• The Italian version has Trucy suggesting "Apollo @ Justice", and Apollo remarking it would look like his e-mail address.
  • Higurashi No Naku Koro Ni and Umineko No Naku Koro Ni officially are written with a red "Na". The official dub of Higurashi calls it When They Cry, with a red "C."
    • Higurashi Daybreak by Tasogare Frontier: The b is officially off-color, although the color depends on the material - if the rest of the text is white, the b is normally black, but if the rest of the text is black, the b is red. Spelled in Japanese, the "bu" (ブ) is treated the same way.

    Web Animation 
  • Homestar Runner has Bubs' Concession Stand. Its sign on top has a "5" replacing the second "S" in "concession", making it say "BUBS' CONCES5ION STAND".


    Western Animation 

  • The Trope Namer is an aversion. "Lucky Charms" itself has no symbols in its name.
  • Media distributors:
    • The 2004 merger of BBC Video and another video distribution company produced a new entity called 2|Entertain, presumably playing off their intended mission ("to entertain"). The numeral means it also overlaps with Letters 2 Numbers.
    • Sm:)e Records.
    • The now-defunct British satellite channel L!ve TV.
    • Canal+, a French film and television studio and distributor, and TV channel.
    • E!, the American cable and satellite television network.
  • Cisco ūmi telepresence.
  • Using currency symbols is often used as a slight against institutions to accuse them of putting profits ahead of morals:
    • $cientology
    • Micro$oft.
    • Appl€
    • NA$CAR.
    • $tarbuck$.
    • Di$ney.
    • 4Kid$. Also acceptable is $Kids, since keyboards will have the 4 key become $ when Shift is held.
    • When Advanced Dungeons & Dragons was the monster that all the small role-playing game companies contended with, it was common to refer to the company that owned it as T$R. And then there's the latest DnD edition, known as "$e". This was originally a typo, but has since reached a full-blown meme.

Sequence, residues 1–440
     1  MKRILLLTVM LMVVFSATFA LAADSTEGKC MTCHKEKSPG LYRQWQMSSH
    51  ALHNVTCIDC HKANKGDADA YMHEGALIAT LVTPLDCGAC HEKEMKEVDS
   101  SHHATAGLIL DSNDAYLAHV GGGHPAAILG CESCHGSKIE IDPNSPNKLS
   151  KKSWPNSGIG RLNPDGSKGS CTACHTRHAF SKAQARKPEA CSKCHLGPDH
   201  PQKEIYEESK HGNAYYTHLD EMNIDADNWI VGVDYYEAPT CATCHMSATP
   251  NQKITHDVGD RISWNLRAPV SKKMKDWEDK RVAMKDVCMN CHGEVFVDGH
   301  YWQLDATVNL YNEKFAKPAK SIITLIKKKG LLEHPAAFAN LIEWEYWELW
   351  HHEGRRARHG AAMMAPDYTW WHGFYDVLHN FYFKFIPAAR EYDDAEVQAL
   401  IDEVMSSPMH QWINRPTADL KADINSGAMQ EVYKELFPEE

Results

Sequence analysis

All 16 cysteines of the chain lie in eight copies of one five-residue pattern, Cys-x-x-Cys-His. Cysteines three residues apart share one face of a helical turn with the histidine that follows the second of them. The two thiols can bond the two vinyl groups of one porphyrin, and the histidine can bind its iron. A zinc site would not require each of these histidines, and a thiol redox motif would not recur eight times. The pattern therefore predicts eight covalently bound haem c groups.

• See also Game$ Work$hop
    • Autistic community members and autism rights activists who oppose the practices of Autism Speaks refer to them as Autism $peaks or A$ for short.
  • Sony's U R Not e ads for the PlayStation.
  • And Toys 'Я' Us, meant to evoke a child's attempt at handwriting rather than the Cyrillic letter.
  • The Famous, (and often parodied) I ♥ NY T-shirts
  • While presumably pronounced "slant", the science fiction novel / is somewhat disorientingly titled, particularly since it's uncertain that is the title unless you look at the copyright page (which for clarity's sake describes the situation rather than simply putting a / on the page.)
  • The Swedish feminist party (which didn't quite take off in the 2006 elections, and now hasn't been heard from in a while) chose "F¡" for their symbol. It was, of course, impossible to stop the party's detractors from reading it as "Fi", which is the traditional Swedish military abbreviation for "enemy" ("fiende" in Swedish).